Gilson v. Dayton - 123 U.S. 59 (1887)
U.S. Supreme Court
Gilson v. Dayton, 123 U.S. 59 (1887)
Gilson v. Dayton
Submitted October 11, 1887
Decided October 24, 1887
123 U.S. 59
As it appears on the face of the bonds sued on in this action that they were issued under the Special Act of February 18, 1857, which was held void in Post v. Supervisors, 105 U. S. 667, and not under the general law of March 6, 1867, the judgment dismissing the action is affirmed.
This was an action to recover on twelve bonds, each for $1,000, issued by the Town of Dayton. In each bond it was stated that it was
"issued in pursuance of an election or special town meeting held in said town on the 17th day of April, 1869, under and by virtue of a certain act of the Legislature of the Illinois approved February 18th, 1857, . . . authorizing municipal subscriptions to the stock of certain railroads, . . . the said act having special reference to the Ottawa, Oswego and Fox River Valley Railroad,"
that a majority of the voters had voted in favor of their issue,
"previous application in writing of fifty legal voters of said town for such an election . . . having been made to the clerk of said town, and the said town clerk having called said election . . . in accordance therewith, . . . and having given due notice of the time and place of holding the same, as required by law and by the act aforesaid."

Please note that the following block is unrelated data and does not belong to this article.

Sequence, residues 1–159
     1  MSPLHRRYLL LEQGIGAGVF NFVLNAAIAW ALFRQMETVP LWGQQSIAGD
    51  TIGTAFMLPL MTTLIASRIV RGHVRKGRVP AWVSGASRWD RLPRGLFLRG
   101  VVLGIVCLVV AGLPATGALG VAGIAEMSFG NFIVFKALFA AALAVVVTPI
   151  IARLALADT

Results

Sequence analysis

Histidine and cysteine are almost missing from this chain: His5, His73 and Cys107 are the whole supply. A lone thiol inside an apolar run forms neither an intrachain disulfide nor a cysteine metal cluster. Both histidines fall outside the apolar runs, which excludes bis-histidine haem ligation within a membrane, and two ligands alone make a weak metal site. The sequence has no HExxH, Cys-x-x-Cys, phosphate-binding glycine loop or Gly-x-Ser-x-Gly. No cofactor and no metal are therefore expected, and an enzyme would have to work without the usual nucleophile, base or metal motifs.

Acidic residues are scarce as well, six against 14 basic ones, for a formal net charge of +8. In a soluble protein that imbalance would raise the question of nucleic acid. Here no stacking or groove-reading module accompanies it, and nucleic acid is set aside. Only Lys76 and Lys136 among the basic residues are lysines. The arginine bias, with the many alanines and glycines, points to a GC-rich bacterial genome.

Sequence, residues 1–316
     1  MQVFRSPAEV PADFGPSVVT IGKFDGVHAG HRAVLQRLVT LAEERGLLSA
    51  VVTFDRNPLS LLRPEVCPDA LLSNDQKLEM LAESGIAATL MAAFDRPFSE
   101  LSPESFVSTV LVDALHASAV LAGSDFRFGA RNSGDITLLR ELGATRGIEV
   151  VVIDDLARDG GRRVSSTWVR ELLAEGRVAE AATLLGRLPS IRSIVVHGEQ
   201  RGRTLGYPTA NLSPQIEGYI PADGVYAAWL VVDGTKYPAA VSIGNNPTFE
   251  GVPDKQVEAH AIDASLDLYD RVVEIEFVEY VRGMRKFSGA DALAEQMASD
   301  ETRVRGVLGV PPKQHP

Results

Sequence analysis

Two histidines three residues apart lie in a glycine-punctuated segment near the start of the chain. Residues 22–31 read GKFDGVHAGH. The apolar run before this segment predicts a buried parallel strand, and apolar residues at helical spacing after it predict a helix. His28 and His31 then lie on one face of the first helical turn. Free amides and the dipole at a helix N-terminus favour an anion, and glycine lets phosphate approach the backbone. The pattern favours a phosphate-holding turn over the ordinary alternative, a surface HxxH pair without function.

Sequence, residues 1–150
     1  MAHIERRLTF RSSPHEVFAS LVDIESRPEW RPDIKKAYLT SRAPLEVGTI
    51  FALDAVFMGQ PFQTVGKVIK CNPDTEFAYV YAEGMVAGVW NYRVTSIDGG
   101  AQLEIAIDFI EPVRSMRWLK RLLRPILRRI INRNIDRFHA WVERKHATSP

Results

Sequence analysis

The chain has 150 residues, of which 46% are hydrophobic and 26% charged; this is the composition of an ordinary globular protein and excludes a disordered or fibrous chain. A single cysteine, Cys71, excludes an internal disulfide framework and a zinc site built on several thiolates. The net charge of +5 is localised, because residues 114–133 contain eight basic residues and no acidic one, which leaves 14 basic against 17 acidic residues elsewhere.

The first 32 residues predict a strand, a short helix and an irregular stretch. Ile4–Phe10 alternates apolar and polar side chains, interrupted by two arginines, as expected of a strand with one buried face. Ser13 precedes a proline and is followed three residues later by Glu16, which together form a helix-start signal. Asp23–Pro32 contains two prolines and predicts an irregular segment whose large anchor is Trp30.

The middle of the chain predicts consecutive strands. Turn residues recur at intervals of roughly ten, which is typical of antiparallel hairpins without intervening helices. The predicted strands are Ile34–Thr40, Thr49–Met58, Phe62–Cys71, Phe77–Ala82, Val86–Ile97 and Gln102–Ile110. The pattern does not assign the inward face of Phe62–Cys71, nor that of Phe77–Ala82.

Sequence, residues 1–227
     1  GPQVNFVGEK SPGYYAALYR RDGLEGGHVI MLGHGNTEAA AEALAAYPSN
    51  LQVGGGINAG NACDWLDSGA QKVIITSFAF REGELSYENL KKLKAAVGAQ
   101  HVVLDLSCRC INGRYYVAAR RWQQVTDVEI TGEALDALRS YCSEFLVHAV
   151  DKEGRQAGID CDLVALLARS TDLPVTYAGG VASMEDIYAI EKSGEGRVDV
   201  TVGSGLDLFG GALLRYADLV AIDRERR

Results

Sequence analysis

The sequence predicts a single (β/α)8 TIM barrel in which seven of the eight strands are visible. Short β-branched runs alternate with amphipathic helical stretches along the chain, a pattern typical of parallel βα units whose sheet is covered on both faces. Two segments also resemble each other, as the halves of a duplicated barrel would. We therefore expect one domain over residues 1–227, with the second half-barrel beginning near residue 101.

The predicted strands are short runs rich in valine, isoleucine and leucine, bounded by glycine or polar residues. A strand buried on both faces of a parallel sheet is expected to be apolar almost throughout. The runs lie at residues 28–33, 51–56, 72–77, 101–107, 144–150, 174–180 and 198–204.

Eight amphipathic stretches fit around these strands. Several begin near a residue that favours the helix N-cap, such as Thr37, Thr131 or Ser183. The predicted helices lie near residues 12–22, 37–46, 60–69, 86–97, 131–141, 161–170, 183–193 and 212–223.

In his declaration, the plaintiff averred the making and issue of the bonds, set out one of the bonds at length, and further averred
"that he purchased the above-mentioned bonds and coupons in the usual course of commercial business for an investment, paying therefor a good and valuable consideration long before the same were due and payable, and without any notice of any claimed defect or irregularity in their issue or want of power to issue them, relying upon the faithful action of the town and state officials in their issue and registration, and upon all laws and judicial decisions in existence at the
time they were voted and issued for their validity, and especially upon the Act of March 6, 1867, found in volume 1, page 866, Private Laws of Illinois of 1867."
The defendant demurred. Demurrer sustained and the action dismissed. Plaintiff sued out this writ of error.
The act of 1857 referred to in the bond was held by the courts of Illinois and by this Court in Post v. Supervisors, 105 U. S. 667, to be "of no force or effect by reason of its not appearing by the legislative journals to have been passed as required by the Constitution of 1848." The act of 1867 referred to in the declaration was a general enabling act for the county in which Dayton was situated, but it required the application for the meeting to be made by "twenty legal voters and taxpayers of the district."